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New Zealand regulations on the commercial release of genetically modified organisms (GMO) have so far served us well, at least in terms of avoiding the negative effects that have been experienced overseas. These negatives include increased use of toxic chemicals and the desperate measures of ‘stacking’ chemical-resistance genes in crops to battle rapid development of resistance in pests.

In the context of consumer demand for non-GMO products, it is to our advantage that so far, despite a series of botched field trials and news headlines about animal deformities, there has been no commercial release of GMO crops or animals in New Zealand.

There has always been a place in New Zealand for contained and ethical genetic research. This has helped to inform advances in marker assisted breeding and medical science. At the same time preserving our Genetically Engineered (GE) / GMO-free production systems supports the shared value in our export reputation for clean, safe food, and the New Zealand Story.

Whether you are a farmer, manufacturer, exporter or just one of the many people who want to be able to buy safe, high quality food this is a wake-up call. We may be about to be sold out.

The decades-long international GE debate has resulted in consumers and communities of people demanding regulation and labelling of GMOs. Remember the early 2000’s saw some of the largest protest marches in New Zealand history. The recommendations of The Royal Commission on Genetic Modification supported ‘proceed with caution’ but also protection of GE-free production and mandatory labelling of GMOs.

In New Zealand food safety and labelling is overseen by Food Standards Australia New Zealand and environmental protection overseen by our Environmental Protection Authority.

However there is pressure from the biotechnology industry to abandon regulation of products modified using the latest genetic engineering techniques: Clustered Regularly Interspaced Short Palindromic Repeats (CRISPR).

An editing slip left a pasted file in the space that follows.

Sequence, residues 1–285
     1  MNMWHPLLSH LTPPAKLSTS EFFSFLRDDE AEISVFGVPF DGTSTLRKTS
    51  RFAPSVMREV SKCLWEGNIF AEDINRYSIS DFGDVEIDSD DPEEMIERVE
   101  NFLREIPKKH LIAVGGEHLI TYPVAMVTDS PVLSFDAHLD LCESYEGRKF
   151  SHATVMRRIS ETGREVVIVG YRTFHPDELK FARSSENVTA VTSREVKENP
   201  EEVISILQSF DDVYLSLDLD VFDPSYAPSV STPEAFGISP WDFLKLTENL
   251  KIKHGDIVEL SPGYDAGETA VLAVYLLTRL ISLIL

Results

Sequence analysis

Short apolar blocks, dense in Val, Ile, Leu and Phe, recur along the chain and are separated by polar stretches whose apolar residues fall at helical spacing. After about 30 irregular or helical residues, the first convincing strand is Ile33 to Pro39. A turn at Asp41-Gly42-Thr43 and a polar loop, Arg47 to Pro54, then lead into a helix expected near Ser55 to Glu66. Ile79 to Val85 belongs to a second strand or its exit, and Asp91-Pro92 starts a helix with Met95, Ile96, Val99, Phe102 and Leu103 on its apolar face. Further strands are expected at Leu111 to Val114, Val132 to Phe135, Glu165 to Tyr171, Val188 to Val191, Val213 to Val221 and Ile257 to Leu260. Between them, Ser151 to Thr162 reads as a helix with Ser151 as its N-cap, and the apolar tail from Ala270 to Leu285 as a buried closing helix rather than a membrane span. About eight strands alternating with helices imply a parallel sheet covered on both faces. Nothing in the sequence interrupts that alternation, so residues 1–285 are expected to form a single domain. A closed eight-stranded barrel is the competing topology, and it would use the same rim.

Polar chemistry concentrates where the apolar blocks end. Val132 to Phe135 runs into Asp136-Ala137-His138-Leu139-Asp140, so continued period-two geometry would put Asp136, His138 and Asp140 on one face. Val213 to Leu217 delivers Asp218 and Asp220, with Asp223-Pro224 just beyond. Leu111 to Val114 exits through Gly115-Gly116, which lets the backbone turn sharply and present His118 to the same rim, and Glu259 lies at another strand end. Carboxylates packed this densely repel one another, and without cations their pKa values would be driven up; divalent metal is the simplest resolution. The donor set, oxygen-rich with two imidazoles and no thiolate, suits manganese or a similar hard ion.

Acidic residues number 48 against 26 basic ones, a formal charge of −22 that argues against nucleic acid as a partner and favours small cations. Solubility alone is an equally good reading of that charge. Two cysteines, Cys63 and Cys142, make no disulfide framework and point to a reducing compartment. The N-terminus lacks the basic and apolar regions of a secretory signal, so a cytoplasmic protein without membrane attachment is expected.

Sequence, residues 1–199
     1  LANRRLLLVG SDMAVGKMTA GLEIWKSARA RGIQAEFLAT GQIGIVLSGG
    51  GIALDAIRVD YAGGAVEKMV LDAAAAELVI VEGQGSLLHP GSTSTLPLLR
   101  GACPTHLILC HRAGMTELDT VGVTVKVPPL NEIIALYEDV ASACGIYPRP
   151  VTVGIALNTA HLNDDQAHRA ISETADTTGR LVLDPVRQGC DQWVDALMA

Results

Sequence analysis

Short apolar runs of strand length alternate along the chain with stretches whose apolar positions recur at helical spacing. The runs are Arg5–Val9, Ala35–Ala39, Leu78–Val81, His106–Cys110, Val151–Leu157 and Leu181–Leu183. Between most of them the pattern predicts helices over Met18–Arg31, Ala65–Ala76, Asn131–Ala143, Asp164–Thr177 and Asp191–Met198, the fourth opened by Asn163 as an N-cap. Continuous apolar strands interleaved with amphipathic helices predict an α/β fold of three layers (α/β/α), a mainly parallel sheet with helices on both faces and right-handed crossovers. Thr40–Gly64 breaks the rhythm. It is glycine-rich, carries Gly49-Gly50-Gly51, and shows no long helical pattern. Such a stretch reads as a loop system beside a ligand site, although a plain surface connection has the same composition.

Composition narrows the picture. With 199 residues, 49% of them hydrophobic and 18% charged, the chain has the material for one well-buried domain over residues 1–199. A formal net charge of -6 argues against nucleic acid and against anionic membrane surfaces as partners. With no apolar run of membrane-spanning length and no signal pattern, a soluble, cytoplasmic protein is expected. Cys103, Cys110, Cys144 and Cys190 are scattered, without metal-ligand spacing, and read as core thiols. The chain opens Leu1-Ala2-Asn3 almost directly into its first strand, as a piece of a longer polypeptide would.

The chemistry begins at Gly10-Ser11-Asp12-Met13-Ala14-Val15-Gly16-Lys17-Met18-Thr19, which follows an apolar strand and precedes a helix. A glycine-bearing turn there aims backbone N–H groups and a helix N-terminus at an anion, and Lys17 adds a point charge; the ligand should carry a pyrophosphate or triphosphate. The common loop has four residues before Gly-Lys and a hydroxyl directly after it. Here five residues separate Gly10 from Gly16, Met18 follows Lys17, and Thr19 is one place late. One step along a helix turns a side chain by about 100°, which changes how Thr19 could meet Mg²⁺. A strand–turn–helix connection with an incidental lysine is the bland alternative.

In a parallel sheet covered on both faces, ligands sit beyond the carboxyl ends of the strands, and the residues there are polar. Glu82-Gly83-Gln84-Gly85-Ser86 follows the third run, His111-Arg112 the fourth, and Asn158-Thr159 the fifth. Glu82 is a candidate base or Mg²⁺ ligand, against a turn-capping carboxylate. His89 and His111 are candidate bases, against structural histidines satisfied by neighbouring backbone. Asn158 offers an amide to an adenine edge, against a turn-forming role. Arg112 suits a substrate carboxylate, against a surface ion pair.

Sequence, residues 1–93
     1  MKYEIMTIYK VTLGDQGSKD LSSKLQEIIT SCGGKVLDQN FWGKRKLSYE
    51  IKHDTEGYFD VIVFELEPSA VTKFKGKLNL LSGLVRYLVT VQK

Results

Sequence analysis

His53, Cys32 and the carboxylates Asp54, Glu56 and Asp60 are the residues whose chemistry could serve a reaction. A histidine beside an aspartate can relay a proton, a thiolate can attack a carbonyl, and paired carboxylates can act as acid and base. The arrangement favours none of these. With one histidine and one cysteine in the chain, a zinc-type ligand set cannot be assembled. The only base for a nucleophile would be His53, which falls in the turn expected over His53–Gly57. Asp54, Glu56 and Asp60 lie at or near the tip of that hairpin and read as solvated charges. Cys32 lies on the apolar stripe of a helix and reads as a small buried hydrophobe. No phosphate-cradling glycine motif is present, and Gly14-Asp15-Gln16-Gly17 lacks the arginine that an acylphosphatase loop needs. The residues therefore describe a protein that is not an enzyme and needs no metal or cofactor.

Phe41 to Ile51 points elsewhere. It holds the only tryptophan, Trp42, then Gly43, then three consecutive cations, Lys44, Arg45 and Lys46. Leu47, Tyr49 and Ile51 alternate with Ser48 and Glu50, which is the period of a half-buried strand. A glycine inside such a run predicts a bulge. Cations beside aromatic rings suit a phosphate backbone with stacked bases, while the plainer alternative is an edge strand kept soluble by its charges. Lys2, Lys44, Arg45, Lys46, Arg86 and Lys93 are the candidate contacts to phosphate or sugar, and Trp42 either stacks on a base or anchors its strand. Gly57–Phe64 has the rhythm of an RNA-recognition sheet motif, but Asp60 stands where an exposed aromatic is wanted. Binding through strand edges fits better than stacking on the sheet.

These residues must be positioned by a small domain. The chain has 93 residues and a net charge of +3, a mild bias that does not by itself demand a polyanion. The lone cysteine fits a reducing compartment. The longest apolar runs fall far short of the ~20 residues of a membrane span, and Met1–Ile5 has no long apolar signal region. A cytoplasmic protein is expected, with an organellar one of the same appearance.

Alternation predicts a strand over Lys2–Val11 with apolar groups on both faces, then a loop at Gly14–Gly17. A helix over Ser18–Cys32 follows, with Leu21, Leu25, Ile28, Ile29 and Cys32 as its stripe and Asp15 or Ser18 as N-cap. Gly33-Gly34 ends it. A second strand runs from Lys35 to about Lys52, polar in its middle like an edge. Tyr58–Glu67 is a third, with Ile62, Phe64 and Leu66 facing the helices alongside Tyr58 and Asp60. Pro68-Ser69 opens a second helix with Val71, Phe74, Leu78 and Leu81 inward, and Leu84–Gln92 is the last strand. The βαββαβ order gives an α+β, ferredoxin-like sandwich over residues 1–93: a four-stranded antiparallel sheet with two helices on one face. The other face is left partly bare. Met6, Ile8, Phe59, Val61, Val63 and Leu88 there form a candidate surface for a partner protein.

It’s not clear what CRISPR products have already left the lab. One problem with CRISPR is that it may be possible for amateurs to use it in any basement or garage. This adds to the need for CRISPR products to be regulated. Just because anyone can potentially drive dangerously doesn’t mean we abandon licensing, safety testing or the rules of the road.

Another argument used to justify a blanket exemption for CRISPR products is that the genetic changes can be very hard to detect. What is really needed is more sensitive tests and analysis. After all, in the realm of genetics, little things count.

Independent scientists from Physicians and Scientists for Global Responsibility warn that CRISPR is being hyped with the same promises of ‘precision and accuracy’ made for other forms of genetic engineering. However they warn that there is still the risk of unintended genetic effects from these modifications.

So there is a big problem in any attempt to avoid regulation by pretending that the products of CRISPR are not GMO. This would allow novel untested and unmonitored CRISPR products to sidestep testing and labelling, the very opposite of what consumers want. This is what now appears to be the situation in the US already.

It is very concerning that Australia’s gene regulators are consulting on the idea of deregulating the products of CRISPR, and currently receiving submissions. New Zealand authorities have announced they are doing the same, with submissions urgently needed before 12 April.

It is vital to the public interest in New Zealand and Australia that we do not allow regulations to be altered to allow CRISPR products to escape the Gene Technology Act 2000 which defines gene technology as “any technique for the modification of genes or other genetic material”. That includes CRISPR.